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(The New York Times)   50 former Nazi prison guards may be tried for war crimes. This is not a repeat of 1946   (nytimes.com) divider line 151
    More: Interesting, Auschwitz, Nazis, loves, Simon Wiesenthal Center, occupied Poland, death camps, John Demjanjuk, Holocaust  
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5573 clicks; posted to Main » on 11 Apr 2013 at 7:45 AM (1 year ago)   |  Favorite    |   share:  Share on Twitter share via Email Share on Facebook   more»



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2013-04-11 08:30:40 AM
Aside from the fact that t is pretty near impossible for anyone to get a fair trial this long after the crime; what we have here are a bunch of government employees that are at risk of losing their jobs when they run out of people to prosecute..
 
2013-04-11 08:31:31 AM
This kind of Justice is about more than the arrests and convictions themselves, it is about the principle that when you participate in something that terrible, you cannot escape the consequences of your actions. The holocaust is something that has left a scar on German society that is going to take A LONG TIME to heal. People have only started to really talk about what happened during this time relatively recently. These prosecutions stem from the guilt felt here, and the understanding that nothing that we do here will every completely erase what was done beyond pursuing these people until they are dead.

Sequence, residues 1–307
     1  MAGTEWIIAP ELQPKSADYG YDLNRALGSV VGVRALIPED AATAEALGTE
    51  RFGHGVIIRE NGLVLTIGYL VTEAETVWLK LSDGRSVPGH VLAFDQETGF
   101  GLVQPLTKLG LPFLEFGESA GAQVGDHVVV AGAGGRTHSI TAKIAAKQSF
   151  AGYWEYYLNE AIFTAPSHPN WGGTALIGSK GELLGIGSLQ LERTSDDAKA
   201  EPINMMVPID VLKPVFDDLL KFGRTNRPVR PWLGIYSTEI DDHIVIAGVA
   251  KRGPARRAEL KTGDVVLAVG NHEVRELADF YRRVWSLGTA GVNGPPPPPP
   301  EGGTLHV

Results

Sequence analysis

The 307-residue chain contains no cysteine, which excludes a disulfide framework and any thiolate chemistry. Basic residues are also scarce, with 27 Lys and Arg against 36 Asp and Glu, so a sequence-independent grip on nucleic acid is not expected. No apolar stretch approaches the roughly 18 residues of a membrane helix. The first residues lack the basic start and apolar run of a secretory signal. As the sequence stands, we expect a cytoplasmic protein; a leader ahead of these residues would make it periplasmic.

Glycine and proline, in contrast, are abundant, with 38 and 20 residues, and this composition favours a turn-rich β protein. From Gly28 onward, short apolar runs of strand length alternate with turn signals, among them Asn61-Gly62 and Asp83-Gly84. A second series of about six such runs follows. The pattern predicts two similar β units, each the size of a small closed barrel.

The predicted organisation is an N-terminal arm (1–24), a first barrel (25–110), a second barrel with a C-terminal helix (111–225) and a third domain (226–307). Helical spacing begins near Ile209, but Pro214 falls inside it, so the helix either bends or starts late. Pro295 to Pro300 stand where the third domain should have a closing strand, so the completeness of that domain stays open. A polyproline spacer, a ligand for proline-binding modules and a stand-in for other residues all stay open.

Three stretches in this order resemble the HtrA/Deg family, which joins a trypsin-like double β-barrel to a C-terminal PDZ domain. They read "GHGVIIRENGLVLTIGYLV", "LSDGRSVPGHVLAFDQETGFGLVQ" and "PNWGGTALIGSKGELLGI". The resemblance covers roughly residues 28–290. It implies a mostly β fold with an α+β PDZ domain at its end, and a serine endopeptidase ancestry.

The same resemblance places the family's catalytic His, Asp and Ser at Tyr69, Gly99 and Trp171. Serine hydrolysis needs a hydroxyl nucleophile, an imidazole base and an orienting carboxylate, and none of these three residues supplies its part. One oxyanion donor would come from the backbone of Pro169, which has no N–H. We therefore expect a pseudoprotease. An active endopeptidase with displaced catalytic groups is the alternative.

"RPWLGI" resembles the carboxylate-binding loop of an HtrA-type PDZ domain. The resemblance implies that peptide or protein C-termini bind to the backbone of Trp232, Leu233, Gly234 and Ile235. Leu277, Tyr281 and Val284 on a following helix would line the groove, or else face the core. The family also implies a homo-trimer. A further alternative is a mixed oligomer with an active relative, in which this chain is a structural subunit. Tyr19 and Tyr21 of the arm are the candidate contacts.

lmb
2013-04-11 08:31:48 AM

ReapTheChaos: It's been 70 damn years, some people need to learn how to let shiat go.


Why? Because they're old now? Eff them! Just because these men are old and frail doesn't mean they shouldn't stand trial for being accomplices to some of the worst crimes in human history.
 
2013-04-11 08:32:02 AM

Enemabag Jones: pag1107
What part of "Never Again" are folks not understanding? I don't care if you were the latrine orderly, you were there and you are forever tainted.

Then isn't any German that didn't take up arms in against the brownshirts and hitler's party responsible for everyone of those deaths?

/That is the logic.


Yes, yes they are - but what are we going to do to them is the question. I am pretty sure any of them with a consciousness have beaten themselves (internally) to crap over the 70+ years. Get over it (not directed at you Enem.)

They will be dead soon and facing whatever there is to face for the actions or inactions soon enough .. I am pretty sure there are more present and current dangers we should be dealing with ... looking at you you rapist murdering arseholes,
 
2013-04-11 08:34:59 AM

Public Savant: Bungles: TV's Vinnie: What'll Israel do when it needs another PR boost and all the Nazis are dead by then?

Sins of the Father.

Try their children.

+1

/Made me chuckle


Yeah that was worth a giggle.
 
2013-04-11 08:35:54 AM

jbtilley: right down to the guy who cuts hair at Fort Blanda.


Don't even get me started on that butcher.
 
2013-04-11 08:37:01 AM
Even on Fark I honestly never thought I'd see the day where the majority would become apologists for those who willingly went along with the torture and murder of millions of people.
 
2013-04-11 08:37:15 AM